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News In Brief

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Conditions worsened in Albania's capital as mourners tried to carry the coffins of a murdered opposition leader and his two bodyguards to the office of Prime Minister Fatos Nano. Guards inside fired on the group, wounding at least three people and setting off a riot. Police stood by as protesters seized government tanks and the state TV station. Nano's opponents accuse him of ordering the death late Saturday of Azem Hajdari, a popular rival who helped end four decades of Communist rule.

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A new surge in political violence followed the announcement by Algeria's president that he would cut short his term and call a national election before March. Security sources blamed fundamentalist Muslim groups for the deaths of 41 people in the first 72 hours after Liamine Zeroual decided to end speculation that he would not serve the full five years of his term. He has been unable to quell the fundamentalist insurgency that erupted in 1992 and reportedly has lost the confidence of senior military commanders.

An economic summit of southern African leaders was expected to press Congo President Laurent Kabila to change course and meet with rebel leaders trying to topple him. But as Kabila arrived for the meeting in Mauritius, a new campaign began to oust the rebels from their headquarters in the eastern city of Goma.

An important victory for German Chancellor Kohl's party last weekend in a key southern state was mostly due to "local issues," his challenger in the Sept. 27 national election said. But Kohl disputed Social Democrat Gerhard Schrder's claim, saying the outcome in affluent Bavaria filled him with "fighting spirit." Kohl's Christian Democrats easily defeated the Social Democrats there, although the chancellor still trails Schrder in most public-opinion polls.

Saying his government's anticrime campaign depends on the freedom to speed up the executions of convicted murderers, Trinidad and Tobago's prime minister announced he'd file legislation Monday to rewrite the Constitution. Basdeo Panday withdrew the nation from the Inter-American Commission on Human Rights in July, accusing it of foot-dragging on hearing the appeals of death-row inmates. Trinidad and Tobago courts are holding up the executions of an unknown number of convicts - mostly in drug-trafficking cases - because of complaints that prison conditions are "cruel and inhumane."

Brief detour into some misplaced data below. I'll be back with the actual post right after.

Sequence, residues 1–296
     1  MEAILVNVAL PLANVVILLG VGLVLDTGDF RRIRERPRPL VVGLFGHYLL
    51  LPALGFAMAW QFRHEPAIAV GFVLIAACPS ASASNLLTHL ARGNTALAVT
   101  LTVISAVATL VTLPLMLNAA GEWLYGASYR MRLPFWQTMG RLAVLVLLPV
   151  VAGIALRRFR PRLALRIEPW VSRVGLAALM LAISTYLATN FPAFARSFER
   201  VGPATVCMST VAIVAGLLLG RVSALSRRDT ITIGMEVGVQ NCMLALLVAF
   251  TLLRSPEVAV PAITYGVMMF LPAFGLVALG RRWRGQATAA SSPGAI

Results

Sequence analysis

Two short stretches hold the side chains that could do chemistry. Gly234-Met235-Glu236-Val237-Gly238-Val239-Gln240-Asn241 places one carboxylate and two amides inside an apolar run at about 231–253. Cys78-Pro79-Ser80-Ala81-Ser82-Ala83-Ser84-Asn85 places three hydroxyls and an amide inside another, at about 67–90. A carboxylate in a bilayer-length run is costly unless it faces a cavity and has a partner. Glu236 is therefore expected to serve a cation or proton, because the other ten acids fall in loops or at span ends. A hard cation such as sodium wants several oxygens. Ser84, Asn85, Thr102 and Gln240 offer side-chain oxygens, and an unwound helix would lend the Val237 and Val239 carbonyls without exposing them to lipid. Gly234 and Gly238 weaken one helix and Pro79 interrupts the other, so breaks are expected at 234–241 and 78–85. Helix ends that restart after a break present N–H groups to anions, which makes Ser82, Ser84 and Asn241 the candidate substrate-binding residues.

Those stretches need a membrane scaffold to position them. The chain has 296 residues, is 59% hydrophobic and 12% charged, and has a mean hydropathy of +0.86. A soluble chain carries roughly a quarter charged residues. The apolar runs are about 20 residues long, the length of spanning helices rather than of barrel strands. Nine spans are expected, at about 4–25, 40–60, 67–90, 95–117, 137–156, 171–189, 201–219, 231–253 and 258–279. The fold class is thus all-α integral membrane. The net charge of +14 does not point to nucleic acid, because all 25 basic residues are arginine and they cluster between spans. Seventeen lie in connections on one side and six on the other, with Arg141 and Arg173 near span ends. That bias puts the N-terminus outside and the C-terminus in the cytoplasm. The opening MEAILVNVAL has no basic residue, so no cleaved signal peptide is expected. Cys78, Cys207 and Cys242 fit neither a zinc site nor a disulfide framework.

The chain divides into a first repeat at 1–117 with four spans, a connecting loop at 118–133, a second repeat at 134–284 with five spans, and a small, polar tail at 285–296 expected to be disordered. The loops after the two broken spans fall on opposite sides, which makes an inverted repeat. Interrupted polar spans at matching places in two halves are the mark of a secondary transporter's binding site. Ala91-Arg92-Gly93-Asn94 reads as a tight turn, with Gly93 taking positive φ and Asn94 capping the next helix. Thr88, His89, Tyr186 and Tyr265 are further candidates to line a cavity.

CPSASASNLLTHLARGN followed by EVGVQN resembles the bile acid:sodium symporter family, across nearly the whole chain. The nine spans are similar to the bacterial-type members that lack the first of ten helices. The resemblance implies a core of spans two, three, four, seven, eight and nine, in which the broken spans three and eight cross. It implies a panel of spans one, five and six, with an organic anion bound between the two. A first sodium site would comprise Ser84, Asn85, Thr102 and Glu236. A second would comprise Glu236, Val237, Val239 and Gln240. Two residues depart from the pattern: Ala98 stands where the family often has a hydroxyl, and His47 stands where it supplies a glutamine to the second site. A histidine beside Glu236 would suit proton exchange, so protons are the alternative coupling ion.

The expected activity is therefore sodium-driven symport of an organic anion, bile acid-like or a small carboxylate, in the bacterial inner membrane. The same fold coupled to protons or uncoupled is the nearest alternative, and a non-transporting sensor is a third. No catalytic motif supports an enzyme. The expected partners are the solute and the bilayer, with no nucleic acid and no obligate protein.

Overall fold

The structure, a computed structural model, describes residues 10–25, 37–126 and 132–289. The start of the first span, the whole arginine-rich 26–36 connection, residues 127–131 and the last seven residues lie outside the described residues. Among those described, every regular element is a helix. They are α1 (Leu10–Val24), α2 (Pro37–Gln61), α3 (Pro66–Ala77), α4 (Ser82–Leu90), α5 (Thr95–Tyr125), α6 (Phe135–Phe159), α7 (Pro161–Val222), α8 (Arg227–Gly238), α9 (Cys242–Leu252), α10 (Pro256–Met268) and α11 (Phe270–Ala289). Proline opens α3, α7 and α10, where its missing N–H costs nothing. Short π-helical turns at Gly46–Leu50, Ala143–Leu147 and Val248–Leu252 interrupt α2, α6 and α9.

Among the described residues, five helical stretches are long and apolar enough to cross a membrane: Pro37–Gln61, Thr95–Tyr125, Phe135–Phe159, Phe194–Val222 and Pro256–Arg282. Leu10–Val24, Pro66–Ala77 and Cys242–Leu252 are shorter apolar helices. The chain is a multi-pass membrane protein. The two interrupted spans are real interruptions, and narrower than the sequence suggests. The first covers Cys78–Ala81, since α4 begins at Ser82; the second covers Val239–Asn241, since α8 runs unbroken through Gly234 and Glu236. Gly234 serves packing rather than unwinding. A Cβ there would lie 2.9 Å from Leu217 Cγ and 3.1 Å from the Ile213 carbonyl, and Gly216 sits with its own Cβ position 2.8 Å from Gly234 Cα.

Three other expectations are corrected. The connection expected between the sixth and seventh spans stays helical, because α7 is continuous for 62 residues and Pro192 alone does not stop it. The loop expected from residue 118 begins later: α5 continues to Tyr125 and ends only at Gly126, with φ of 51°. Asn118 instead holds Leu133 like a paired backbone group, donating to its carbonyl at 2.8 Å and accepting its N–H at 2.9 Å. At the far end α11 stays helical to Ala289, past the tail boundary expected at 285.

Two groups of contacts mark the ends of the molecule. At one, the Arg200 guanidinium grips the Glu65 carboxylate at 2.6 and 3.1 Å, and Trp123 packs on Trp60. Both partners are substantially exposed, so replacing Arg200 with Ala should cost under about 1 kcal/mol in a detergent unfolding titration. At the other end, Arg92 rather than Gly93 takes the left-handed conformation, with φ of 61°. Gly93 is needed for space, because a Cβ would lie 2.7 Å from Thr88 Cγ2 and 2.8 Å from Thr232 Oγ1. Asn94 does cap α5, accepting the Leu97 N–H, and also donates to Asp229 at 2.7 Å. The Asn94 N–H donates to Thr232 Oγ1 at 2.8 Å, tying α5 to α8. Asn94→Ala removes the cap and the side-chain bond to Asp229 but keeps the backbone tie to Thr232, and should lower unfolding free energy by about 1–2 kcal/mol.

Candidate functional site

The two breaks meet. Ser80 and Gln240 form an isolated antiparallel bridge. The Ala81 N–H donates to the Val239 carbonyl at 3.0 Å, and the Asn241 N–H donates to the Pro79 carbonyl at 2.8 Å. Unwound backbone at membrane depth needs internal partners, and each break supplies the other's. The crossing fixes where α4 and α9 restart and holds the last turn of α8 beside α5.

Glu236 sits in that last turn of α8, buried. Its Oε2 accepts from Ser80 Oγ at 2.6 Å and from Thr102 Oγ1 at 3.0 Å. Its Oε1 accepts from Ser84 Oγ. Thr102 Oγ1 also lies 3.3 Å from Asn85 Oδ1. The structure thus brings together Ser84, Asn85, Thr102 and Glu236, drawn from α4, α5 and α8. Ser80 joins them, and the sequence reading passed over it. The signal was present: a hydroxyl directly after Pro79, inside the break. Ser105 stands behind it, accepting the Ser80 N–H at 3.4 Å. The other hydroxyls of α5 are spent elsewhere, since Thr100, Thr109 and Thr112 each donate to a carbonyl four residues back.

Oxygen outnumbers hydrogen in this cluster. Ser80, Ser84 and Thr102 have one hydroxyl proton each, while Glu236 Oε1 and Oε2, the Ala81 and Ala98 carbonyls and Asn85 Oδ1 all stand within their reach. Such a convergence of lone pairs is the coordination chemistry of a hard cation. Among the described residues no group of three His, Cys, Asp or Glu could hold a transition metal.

Etceteras

"What I did is for the people of Chicago, for America, for my mother, my wife, my kids, and the people I have around me - my team." - Cubs star Sammy Sosa, on becoming the second player to break baseball's single-season home-run record.

Way up in Arctic Norway, where winter isn't far off and there hasn't been much excitement since back in March when 23,000 troops took part in a NATO exercise called Strong Resolve, a local civilian decided it was time to stir things up. According to reports, he dressed in a sergeant's uniform, sneaked onto the Setermoen Army base in the wee hours of the morning, helped himself to an idle vehicle, and went for a joy ride. But not just any idle vehicle. He chose a 40-foot-long, armor-plated rocket launcher capable of firing 12 rounds 25 miles each. Fortunately, at least it wasn't loaded. Showing - well - strong resolve, police blocked the highway to southern Norway, ordered local residents to stay indoors, and arrested the fellow a few hours later.

Meanwhile, police in Orlando, Fla., are working on a series of burglaries so big that you could call them "Titanic." In fact, that's exactly what was stolen: 240 just-released cassette copies of the hit film from a warehouse and dozens more from video stores. Since many of them turned up for sale at a flea market, distributors have a sinking feeling that someone is trying to cut into their profits.

The Day's List

Atlanta Gobbles Way to Top of Urban-Sprawl List

In a recent Sierra Club survey of major US cities, Atlanta emerged as No. 1 in its consumption of green space - destroying 500 acres weekly. The environmental group says uncontrolled suburban growth translates into lost farmland, traffic jams, and rising costs of public services. Among sprawling urban areas of at least 1 million residents, the Sierra Club top 10 includes:

1. Atlanta

2. St. Louis

3. Washington

4. Cincinnati

5. Kansas City

6. Denver

7. Seattle

8. Minneapolis-St.Paul

9. Fort Lauderdale, Fla.

10. Chicago

- Reuters